At the time of writing (Feb 2015) we’re experiencing another stellar SBT season here on the bottom of the Eyre Peninsula in SA. Like the past couple of seasons the fish arrived early, and have been around in strong numbers for the past several weeks. These aren’t the keg-sized SBTs that are seen in some parts of our country, but rather schooling fish in the 8 to 20kg bracket.
It’s been commonplace this season to see several patches of Bluefin all feeding in unison if you scan the horizon around some of our offshore islands and reef systems. Granted, these are generally smaller patches of fish, and they rise and dip frequently as they herd baitfish to the surface, but nonetheless it is fantastic to see some many fish scattered throughout our waters.
The better patches of fish are still a reasonable run from the coast (30 to 40km), but there are schools of SBT within around 4 to 5km from shore at certain locales. Like the past couple of seasons the fish are averaging around 12kg, and on the right tackle they make for fantastic fun.
I was fishing with good mate Ash Smith last week and we managed a better fish of around 32kg amongst the run-of-the-mill fish. The continental shelf is a long way from shore for us here on the Eyre Peninsula, which probably explains why we don’t encounter the barrels that have been present through Vic and southern NSW over the past few seasons.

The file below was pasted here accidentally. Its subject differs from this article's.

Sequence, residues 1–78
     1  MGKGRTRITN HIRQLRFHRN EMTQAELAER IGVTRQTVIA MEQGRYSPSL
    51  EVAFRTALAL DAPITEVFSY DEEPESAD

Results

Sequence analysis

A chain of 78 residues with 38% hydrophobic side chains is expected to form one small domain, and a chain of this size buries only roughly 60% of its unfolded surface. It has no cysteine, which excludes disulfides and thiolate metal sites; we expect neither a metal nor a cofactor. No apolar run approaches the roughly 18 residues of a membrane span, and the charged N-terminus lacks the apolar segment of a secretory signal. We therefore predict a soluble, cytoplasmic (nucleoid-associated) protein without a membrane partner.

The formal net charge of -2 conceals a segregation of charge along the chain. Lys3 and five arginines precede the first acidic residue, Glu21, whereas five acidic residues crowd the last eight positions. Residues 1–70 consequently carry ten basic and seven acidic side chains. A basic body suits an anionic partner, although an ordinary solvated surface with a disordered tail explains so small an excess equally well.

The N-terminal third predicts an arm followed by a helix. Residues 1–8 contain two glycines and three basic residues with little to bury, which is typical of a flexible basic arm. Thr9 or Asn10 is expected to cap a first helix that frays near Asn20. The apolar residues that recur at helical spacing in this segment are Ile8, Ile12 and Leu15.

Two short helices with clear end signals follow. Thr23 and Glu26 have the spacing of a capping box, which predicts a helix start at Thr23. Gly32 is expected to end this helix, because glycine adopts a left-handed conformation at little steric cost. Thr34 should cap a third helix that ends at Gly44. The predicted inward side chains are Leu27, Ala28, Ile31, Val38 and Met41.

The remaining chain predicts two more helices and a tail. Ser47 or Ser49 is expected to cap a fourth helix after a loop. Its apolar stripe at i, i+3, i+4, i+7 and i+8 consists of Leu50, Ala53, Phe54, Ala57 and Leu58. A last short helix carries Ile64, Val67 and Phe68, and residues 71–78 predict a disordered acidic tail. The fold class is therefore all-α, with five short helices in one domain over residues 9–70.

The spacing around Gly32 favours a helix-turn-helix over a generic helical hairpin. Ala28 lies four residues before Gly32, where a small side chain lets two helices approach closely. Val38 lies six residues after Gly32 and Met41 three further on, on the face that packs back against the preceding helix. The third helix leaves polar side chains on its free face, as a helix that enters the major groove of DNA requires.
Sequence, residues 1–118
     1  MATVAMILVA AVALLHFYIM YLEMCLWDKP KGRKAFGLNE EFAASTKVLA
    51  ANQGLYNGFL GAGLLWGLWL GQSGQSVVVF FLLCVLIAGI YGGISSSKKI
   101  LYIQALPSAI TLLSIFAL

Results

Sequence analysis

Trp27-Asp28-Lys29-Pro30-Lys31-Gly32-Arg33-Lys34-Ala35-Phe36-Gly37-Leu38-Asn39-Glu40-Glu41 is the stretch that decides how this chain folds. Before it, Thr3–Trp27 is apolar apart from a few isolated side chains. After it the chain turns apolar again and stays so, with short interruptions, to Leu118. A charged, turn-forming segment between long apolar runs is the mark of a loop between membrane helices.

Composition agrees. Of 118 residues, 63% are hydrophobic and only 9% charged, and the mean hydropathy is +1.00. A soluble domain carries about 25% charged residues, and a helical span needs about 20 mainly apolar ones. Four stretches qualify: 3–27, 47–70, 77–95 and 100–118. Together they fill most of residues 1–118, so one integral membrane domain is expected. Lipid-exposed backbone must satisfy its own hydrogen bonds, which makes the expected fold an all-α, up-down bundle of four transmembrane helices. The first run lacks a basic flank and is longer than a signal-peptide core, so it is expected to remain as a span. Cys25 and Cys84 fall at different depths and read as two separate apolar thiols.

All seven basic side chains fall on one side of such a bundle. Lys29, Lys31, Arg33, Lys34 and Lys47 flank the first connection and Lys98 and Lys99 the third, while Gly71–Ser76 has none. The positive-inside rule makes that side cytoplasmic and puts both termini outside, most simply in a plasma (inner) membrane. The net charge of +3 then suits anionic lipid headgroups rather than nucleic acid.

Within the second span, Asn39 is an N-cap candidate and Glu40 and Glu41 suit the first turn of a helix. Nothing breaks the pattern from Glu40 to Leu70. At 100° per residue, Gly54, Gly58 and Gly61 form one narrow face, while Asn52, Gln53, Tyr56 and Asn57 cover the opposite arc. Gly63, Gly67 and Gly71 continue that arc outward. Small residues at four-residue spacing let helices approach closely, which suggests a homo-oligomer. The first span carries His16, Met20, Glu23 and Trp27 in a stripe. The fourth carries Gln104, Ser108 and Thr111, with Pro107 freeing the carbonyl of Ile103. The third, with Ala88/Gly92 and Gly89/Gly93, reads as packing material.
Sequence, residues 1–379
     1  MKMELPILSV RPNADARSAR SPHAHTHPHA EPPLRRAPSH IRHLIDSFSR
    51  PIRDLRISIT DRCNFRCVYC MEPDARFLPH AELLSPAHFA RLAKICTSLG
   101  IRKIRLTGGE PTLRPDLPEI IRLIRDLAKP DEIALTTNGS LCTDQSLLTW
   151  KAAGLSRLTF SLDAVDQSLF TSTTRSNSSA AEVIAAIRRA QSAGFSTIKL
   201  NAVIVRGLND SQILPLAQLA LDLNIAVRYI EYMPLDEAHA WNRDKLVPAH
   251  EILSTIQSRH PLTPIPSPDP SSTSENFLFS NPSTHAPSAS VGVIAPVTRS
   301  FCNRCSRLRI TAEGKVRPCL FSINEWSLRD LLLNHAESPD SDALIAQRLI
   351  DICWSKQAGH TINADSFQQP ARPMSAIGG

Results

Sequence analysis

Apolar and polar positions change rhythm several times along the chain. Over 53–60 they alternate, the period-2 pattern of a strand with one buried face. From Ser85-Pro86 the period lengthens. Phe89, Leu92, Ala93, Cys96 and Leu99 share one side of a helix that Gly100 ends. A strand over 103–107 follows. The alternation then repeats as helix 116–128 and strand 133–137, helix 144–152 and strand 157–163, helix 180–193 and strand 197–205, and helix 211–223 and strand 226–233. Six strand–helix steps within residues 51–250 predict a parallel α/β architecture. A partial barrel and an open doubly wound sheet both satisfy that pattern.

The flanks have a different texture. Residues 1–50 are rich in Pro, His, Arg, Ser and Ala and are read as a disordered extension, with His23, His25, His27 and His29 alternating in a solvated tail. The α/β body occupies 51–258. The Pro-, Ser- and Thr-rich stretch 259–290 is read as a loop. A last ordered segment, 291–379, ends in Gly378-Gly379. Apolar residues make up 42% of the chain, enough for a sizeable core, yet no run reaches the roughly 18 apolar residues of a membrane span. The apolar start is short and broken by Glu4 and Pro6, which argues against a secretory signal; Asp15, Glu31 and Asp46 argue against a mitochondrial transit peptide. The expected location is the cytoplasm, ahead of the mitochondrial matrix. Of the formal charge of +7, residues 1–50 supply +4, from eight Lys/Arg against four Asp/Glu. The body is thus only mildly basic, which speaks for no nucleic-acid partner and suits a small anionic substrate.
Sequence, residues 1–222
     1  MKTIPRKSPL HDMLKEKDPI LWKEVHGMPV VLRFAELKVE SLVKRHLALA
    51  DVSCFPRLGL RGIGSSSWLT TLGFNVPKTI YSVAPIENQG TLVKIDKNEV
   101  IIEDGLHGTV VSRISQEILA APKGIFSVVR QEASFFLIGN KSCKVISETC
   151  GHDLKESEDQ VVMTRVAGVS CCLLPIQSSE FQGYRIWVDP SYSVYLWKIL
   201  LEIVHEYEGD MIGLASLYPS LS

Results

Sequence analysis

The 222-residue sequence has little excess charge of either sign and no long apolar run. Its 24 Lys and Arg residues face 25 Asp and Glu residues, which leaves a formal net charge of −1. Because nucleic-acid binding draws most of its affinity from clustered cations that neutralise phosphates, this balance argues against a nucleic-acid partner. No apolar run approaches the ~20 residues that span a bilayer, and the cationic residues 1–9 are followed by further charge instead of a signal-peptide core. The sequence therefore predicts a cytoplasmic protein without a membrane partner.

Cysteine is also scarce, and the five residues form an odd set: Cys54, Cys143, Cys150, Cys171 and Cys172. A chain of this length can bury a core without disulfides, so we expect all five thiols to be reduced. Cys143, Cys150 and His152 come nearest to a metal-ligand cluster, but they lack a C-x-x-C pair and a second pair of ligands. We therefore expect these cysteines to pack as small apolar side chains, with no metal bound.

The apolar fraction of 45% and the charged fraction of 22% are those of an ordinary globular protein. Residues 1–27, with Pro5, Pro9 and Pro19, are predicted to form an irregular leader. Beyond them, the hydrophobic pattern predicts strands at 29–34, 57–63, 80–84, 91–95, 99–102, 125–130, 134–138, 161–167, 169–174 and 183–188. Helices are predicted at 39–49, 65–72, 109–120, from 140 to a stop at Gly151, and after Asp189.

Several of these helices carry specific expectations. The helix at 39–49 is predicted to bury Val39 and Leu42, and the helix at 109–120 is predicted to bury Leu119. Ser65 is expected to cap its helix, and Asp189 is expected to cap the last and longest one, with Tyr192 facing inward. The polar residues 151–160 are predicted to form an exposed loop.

The fish have been feeding well first thing in the morning and then lull for a few hours around the middle of the day. By mid to late arvo though, the fish are usually up on the surface again smashing baitfish. It’s still possible to get amongst some tuna action it the middle of the day; but the fish don’t stay on the surface for as long and push down quickly when a boat approaches so they are harder work.
We have been finding smaller hard bodied lures in the 100 to 120mm range the best bet for the smaller 8 – 15kg patches of fish, with the bigger fish responding well to 6” skirts and 140 to 180mm hard bodied lures. When we find a good patch of fish up on the surface feeding, we’ll run a spread of lures along the edge of the feeding fish. Once a rod goes off, we motor for another 20 to 30m trying for a double hook-up, which is regularly achieved.
These schools are readily accessible for trailer boats from around 5m and upwards in our area (weather permitting), and it’s usually easy to get into some action once some fish have been found. They are a highly mobile fish, and burn a lot of energy each day. This means they have a voracious appetite and will rarely pass up a meal if it resembles the baitfish they have been feeding on.
Within the next month or so, a lot of these fish will have vacated our waters and will be heading further east, with the waters along the south east of SA and western Vic the next ports of call on their eastward migration.
I have a couple of different outfits I like to troll with. The first outfit is a TLD15 spooled with 15kg mono and coupled to 10 – 15kg rod. I usually run a skirted lure off this outfit. The second is a Saragosa 8000 matched to a Deep Jig 200 rod. Although this is predominantly my jigging set-up, it trolls a diver at 4 to 5 knots perfectly, and I really enjoy using this combo for this application. It also doubles as a casting outfit should the situation present itself.
Bluefin tuna are one of our great southern sportfish, and it’s a real boon for trailer boat fishers along our cool water coastline to have access to these top fish. They are pretty darn good on the table too.